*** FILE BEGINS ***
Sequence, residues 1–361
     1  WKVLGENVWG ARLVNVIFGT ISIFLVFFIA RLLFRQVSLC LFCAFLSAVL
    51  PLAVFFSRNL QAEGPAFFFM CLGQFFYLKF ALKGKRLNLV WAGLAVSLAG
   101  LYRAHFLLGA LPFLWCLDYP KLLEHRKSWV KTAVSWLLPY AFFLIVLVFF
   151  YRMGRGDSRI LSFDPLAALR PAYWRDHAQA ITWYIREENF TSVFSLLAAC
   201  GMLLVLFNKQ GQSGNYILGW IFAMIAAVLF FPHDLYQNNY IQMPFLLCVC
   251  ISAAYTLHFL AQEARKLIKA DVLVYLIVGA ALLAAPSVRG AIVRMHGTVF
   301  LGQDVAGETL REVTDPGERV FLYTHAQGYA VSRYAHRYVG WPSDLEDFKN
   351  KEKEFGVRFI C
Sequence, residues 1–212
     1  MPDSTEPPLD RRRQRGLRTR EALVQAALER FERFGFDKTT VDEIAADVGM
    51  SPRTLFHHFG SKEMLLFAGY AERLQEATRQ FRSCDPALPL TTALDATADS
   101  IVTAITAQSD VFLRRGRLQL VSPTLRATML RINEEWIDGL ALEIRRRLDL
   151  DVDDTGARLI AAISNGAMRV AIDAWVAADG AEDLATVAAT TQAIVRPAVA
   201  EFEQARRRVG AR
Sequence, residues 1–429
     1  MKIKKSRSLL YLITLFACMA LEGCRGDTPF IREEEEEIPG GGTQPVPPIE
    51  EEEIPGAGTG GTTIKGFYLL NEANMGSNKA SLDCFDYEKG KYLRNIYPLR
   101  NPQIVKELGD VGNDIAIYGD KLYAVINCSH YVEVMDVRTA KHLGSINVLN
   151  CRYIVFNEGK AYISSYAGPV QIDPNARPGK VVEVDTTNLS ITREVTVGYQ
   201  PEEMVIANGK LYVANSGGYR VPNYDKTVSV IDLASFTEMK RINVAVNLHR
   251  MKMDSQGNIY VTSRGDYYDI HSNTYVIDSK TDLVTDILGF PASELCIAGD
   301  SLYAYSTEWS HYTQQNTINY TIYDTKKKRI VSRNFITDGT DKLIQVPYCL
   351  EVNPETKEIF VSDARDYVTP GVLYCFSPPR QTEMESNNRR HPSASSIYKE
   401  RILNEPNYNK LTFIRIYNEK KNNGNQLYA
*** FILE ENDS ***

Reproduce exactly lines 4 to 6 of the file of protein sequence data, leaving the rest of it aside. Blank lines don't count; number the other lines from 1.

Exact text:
   101  LYRAHFLLGA LPFLWCLDYP KLLEHRKSWV KTAVSWLLPY AFFLIVLVFF
   151  YRMGRGDSRI LSFDPLAALR PAYWRDHAQA ITWYIREENF TSVFSLLAAC
   201  GMLLVLFNKQ GQSGNYILGW IFAMIAAVLF FPHDLYQNNY IQMPFLLCVC